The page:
The Aurora City Council plans to consider Monday night whether to offer insurance benefits to same-sex domestic partners of city employees. A slim majority of city council members voted the measure ahead two weeks ago, with some arguing it is essential to attract the best employees. But vocal opponents questioned the proposal’s cost and asked whether the move would run afoul of Colorado’s constitutional definition of marriage.
City officials estimate the cost to expand coverage could total $49,500 a year for Colorado’s third-largest city. The figure is based on estimates from other Colorado cities and counties that have added same-sex domestic partners to benefits packages. Roughly 1 percent of city employees want the coverage, which would work out to perhaps 11 employees in Aurora, according to Aurora Human Relations Director Kin Shuman.
That could be too pricey for a city facing multi-million dollar budget cuts, said Councilwoman Renie Peterson, who stalled the proposal in December with a series of questions about the plan’s logistics. Peterson voted against the proposal in October when it was first considered by a policy committee. At the time, she said she “could not support including domestic partners due to the significant cost for medical insurance,” according to minutes of the Management and Finance Committee. Peterson also objected to the proposal, saying it treated unmarried opposite-sex couples unfairly.
In a memorandum responding to Peterson’s questions, Shuman suggested the potential costs — roughly $4,500 per employee — “must be weighted against the potential benefits,” including “placing the city on an equal position with other municipal, county, state and private sector employees in Colorado which currently cover domestic partnerships.” The policy would also help recruit police and firefighters, Shuman wrote.
Shuman wrote that opposite-sex couples have the option to get married, while same-sex couples don’t, in answer to Peterson’s question about any unfairness toward men and women who live together without getting married.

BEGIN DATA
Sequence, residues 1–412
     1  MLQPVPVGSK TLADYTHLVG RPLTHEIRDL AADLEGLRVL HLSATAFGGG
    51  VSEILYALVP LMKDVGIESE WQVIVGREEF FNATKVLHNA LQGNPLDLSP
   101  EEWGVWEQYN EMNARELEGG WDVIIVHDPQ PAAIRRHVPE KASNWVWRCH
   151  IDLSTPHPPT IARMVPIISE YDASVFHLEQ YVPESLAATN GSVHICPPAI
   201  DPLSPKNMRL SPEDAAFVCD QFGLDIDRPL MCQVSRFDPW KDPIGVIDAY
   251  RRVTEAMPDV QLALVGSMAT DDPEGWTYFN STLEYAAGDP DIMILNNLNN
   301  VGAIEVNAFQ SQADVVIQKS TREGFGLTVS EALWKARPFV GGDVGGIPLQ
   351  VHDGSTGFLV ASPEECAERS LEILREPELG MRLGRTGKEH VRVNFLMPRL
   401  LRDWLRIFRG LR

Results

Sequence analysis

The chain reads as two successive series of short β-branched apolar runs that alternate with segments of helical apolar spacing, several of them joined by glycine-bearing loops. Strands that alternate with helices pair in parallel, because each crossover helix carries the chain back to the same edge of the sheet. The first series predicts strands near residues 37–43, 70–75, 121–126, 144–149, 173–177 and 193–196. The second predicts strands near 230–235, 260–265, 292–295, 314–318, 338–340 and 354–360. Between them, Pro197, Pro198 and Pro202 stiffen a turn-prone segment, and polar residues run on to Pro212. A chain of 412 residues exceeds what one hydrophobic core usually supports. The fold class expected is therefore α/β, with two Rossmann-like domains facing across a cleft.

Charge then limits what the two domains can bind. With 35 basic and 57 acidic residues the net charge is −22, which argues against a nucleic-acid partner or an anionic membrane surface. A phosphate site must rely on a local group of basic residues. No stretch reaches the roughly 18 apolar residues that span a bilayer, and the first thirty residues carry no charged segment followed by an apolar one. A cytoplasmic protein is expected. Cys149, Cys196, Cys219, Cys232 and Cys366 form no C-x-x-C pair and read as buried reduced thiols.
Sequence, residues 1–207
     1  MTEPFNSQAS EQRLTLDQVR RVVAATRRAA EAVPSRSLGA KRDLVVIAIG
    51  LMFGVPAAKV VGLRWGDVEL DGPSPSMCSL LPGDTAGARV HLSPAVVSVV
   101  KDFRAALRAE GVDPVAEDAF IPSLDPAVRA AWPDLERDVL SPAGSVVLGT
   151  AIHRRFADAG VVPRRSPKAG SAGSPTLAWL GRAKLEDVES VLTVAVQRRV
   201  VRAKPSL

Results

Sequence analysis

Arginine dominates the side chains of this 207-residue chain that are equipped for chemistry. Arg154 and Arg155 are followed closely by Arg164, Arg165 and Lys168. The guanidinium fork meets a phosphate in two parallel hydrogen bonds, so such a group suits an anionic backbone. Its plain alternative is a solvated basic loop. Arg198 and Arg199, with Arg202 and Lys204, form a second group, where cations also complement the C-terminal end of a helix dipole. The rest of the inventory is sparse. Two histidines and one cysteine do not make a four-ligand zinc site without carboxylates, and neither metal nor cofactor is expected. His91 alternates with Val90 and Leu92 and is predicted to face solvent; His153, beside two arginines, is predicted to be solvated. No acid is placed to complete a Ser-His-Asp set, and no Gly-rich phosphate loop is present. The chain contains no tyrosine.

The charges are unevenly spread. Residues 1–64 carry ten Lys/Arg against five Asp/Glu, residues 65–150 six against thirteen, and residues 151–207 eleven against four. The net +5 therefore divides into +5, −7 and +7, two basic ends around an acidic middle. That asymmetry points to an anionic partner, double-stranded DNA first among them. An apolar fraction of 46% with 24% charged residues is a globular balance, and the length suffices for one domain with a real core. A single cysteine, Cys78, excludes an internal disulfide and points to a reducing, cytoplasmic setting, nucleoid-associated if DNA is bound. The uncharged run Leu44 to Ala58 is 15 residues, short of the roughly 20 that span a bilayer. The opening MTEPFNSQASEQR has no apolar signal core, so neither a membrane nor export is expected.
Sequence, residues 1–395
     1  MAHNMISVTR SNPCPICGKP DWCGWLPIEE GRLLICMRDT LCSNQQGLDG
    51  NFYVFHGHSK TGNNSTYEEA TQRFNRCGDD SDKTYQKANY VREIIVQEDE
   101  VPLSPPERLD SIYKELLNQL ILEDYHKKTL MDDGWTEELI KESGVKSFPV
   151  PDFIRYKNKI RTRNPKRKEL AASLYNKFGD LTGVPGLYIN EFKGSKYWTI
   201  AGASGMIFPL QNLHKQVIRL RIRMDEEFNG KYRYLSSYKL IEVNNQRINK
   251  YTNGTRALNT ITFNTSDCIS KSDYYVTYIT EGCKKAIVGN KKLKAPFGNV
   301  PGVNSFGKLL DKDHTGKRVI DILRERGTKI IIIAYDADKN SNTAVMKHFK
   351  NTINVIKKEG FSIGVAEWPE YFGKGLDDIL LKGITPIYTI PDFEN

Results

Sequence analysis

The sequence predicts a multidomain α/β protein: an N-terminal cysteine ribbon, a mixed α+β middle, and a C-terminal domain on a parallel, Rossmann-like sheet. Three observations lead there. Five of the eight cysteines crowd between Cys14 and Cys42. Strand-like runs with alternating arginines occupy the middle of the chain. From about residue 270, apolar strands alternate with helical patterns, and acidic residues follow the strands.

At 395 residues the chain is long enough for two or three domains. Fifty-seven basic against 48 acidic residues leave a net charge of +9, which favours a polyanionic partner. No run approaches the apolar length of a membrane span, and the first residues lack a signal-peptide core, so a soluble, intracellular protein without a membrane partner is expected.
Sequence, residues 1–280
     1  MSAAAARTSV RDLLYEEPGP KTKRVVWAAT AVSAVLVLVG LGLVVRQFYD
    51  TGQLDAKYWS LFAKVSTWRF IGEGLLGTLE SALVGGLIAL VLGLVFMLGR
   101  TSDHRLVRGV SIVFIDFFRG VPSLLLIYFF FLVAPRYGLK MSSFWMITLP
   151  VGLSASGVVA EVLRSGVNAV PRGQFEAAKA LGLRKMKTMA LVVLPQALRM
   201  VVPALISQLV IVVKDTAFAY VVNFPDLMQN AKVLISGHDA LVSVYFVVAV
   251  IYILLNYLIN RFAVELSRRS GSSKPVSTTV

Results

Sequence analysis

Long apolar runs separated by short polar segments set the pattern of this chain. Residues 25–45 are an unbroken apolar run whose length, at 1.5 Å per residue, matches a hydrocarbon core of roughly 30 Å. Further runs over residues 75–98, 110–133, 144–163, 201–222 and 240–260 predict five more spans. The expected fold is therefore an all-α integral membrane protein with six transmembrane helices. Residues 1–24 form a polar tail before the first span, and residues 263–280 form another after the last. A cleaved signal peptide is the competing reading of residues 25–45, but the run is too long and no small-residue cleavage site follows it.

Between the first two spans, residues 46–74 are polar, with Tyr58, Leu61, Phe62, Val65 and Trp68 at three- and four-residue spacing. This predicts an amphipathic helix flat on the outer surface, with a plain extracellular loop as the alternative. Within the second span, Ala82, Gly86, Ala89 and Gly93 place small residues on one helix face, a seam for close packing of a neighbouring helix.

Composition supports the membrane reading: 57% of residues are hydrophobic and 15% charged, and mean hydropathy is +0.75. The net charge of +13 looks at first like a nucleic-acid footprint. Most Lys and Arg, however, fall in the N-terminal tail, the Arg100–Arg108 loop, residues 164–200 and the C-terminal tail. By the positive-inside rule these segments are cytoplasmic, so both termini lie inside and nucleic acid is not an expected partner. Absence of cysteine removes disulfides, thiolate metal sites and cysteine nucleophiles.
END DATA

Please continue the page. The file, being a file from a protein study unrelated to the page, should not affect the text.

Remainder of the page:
If approved, employees would have to submit a notarized affidavit of domestic partnership attesting the couple has been in a “committed relationship for at least 6 months.” After terminating a domestic partnership, an employee would have to wait a year before declaring another one eligible for coverage, according to the proposal.
The proposal would update the city’s personnel policies by expanding the definition of “immediate family” to include same-sex domestic partners. Currently, the city paints a broad definition of “immediate family,” eligible to share insurance coverage with city employees:
Employee’s mother, father, step-mother/father, mother/father in law, sisters, brothers, step-sisters/brothers, sisters/brothers in law, spouse, child(ren), stepchild(ren), grandchild(ren), sons/daughters in-law, foster child(ren), grandparents, grandparents in law, or paternal surrogate or other relatives living at the employee’s residence.
Councilman Bob FitzGerald, who raised questions about the policy’s adherence to the Colorado Constitution’s definition of marriage as between a man and a woman, said at a Jan. 13 study session he plans to “make statements opposing this” at Monday’s formal City Council meeting.
Last month, FitzGerald told the Colorado Independent he didn’t oppose expanding coverage but was concerned that the proposal “probably is constitutionally prohibited.”
Assistant City Attorney Stacie Glass Evans came to a simple conclusion when asked to determine whether there were any legal restrictions “that would prevent the City of Aurora from granting health care benefits to same-sex couples.” “No,” she wrote, before citing case law that said providing the benefits was fine under Colorado law.
At least 20 cities and four counties in Colorado offer the benefit to employees, according to data compiled by the Colorado Municipal League at the request of the Colorado Independent.
Cities offering insurance coverage to same-sex partners of employees: Breckenridge, Denver, Golden, Littleton, Brighton, Boulder, Commerce City, Englewood, Glendale, Lafayette, Lakewood, Northglenn, Central City, Frisco, Gunnison, Brush, Wheat Ridge, Windsor, Aspen, and Durango, which added the benefit in the fall. Counties offering the benefit include Logan County, Boulder County, Pitkin County and Summit County. The Regional Transportation District also offers the coverage.
In addition to Peterson and FitzGerald, council members Deborah Williams, Sue Sandstrom and Brad Pierce voted against moving the proposal ahead to Monday’s council meeting. Pierce previously voted in favor of the proposal at the October policy committee meeting.
Council members Larry Beer, Steve Hogan, Molly Markert, Bob Broom and Ryan Frazier voted the measure ahead with Mayor Paul Tauer, who cast a tie-breaking vote Jan. 12. The vote was to continue discussion at the next meeting, not necessarily in favor of the proposal, although Beer, Hogan and Frazier have all gone on record supporting the change.
The Aurora City Council meets at 7:30 p.m. Monday at the Aurora municipal center, 15151 E. Alameda Parkway. The city’s municipal access cable channel, KACT-TV Channel 8, broadcasts City Council meetings live. The Colorado Independent will also be live-blogging the debate Monday night.